5. Make a bug-repellent spice and herb concoction.
Silverfish and most bugs hate strong smells. Spice sachets made with cinnamon, cloves, and other pungent seasonings create a strong scent that’s repulsive to silverfish. Dried bay leaves and rosemary work just as effective in driving away pests.
Place the spice sachets and dried herbs around the perimeter of your bed and near entryways. You can create spice sachets at home with the use of unused coffee filters or muslin bags. Then add your choice of spices or herbs.
6. Repel silverfish with cedar.
Cedar has a woodsy and camphor-like scent that is pleasant to humans but harmful to pests. This natural insect repellent is commonly used to protect drawers, bookcases, and even beds from silverfish invasion. Cedar shingles treated with fire-retardants are sometimes used as roofing. These are very effective in keeping silverfish out by preventing dampness on the roof and surrounding areas.
You can sprinkle cedar shavings to crevices to entry points such as window sills, door openings, and cracks. Since shavings can be messy inside the house, you can use cedar oil as an alternative. Cedarcide Original Natural Cedar Oil (view deal on Amazon) is an indoor-use insect spray that repels silverfish, ticks, ants, and other insects. It is plant-based and non-toxic to humans.
7. Change damaged wallpaper.
Silverfish would eat anything with starch in it. Books and wallpapers, in particular, are a favorite. Take a close look to check if there are tiny holes and stains on your wallpaper. This is usually an indication that silverfish (or another type of pest) has feasted on the wallpaper adhesive. You might also notice that the wallpaper is starting to peel away from the wall.
If so, you need to replace it right away to prevent further damage. An alternative would be to paint your walls instead, so tiny pests can be easily spotted since they won’t have a lot of hiding places.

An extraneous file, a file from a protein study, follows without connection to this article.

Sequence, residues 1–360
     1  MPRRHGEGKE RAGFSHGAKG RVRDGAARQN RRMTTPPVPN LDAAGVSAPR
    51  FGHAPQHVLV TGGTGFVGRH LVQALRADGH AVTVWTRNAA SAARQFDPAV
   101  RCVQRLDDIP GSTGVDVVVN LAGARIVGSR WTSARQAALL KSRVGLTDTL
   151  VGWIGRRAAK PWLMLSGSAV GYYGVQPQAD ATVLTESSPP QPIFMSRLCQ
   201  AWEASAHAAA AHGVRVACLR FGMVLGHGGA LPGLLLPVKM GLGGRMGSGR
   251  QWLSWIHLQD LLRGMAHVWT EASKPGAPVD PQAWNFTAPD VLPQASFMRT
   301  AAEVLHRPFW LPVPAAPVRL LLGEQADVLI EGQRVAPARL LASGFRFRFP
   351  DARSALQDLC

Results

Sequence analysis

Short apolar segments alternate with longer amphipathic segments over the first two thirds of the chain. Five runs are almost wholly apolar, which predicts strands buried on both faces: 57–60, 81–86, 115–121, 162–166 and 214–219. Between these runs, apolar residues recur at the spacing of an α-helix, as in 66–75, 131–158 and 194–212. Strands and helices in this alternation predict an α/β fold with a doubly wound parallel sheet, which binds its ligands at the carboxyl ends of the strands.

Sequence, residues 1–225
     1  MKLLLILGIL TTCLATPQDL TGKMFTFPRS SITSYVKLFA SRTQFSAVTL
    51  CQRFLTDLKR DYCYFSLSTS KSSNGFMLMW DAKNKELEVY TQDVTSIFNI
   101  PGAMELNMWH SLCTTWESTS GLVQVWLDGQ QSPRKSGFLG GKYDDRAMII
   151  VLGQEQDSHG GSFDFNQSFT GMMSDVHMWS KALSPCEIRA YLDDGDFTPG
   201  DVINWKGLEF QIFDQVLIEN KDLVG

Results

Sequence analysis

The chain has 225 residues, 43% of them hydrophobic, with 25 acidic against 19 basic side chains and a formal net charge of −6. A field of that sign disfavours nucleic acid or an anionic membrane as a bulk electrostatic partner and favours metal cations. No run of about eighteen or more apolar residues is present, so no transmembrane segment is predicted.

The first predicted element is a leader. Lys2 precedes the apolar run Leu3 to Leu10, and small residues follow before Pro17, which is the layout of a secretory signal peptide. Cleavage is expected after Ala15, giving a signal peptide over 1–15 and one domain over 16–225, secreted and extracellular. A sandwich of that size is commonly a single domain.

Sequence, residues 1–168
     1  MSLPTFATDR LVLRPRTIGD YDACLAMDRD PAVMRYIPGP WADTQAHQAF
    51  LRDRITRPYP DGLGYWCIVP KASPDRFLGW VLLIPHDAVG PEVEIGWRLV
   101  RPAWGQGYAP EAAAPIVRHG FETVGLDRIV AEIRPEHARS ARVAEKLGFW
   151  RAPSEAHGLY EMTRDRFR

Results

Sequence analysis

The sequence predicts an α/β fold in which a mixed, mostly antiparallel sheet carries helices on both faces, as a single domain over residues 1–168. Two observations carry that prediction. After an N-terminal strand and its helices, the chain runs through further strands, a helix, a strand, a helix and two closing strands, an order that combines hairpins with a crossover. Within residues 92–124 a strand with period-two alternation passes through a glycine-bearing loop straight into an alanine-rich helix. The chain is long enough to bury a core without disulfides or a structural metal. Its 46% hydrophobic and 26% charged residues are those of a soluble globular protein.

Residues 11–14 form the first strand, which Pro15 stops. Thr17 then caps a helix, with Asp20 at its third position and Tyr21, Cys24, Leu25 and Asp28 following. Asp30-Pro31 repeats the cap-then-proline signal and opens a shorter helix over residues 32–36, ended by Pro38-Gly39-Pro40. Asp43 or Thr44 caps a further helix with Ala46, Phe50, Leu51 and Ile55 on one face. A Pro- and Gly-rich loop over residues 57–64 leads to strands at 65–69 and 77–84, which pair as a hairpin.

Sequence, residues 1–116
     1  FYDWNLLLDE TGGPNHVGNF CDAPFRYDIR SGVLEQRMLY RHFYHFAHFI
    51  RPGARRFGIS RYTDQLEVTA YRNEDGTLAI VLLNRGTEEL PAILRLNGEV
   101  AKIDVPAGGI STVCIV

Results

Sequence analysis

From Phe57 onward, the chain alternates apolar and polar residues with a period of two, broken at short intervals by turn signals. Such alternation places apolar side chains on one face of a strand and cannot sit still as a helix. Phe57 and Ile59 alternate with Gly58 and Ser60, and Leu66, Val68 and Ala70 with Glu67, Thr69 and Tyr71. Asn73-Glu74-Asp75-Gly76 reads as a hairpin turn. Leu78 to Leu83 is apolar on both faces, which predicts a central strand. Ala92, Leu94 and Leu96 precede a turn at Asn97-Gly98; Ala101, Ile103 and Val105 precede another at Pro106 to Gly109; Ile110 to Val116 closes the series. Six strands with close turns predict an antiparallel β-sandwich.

8. Use pesticides like pyrethrins.
Pyrethrin paralyzes and ultimately kills silverfish and other pests. This insecticide is made from chrysanthemum flowers, so they are safe to use inside the house. Spray pyrethrin on baseboards, entryways, and small crevices to prevent bugs from entering the bedroom.
An alternative, permethrin, works in the same way but with the help of a chemical component. It is just as effective and non-toxic to humans but may be harmful to small pets.
While the tips above offer an effective way to get rid of silverfish, preventing these creatures from entering our homes is much more efficient. Here are some ways to prevent silverfish from becoming a significant problem in the house:
- Fix faulty plumbing and keep gutters clean
- Reduce clutter and remove food sources
- Regularly vacuum mattresses and room corners
- Keep off-season clothing in dry and sealed containers
- Remove possible shelters such as leaf and grass litter
- Add caulking to cracks and crevices
- Weather-strip doors and windows
Conclusion – How to Get Rid of Silverfish in Bed
When it comes to silverfish, preventing an infestation is better than curbing it. Depriving silverfish of their food and home is the best way to their population and drive out the remaining pests from the bedroom.
A good dehumidifier can remove excess moisture in the air, which creates a damp and conducive environment for silverfish to nest and breed. Natural repellents made from a concoction of herbs and spices are also useful in fending off these critters. You can also use ready-made cedar bug sprays to deter silverfish and other bugs from entering the house through cracks and other small entrances.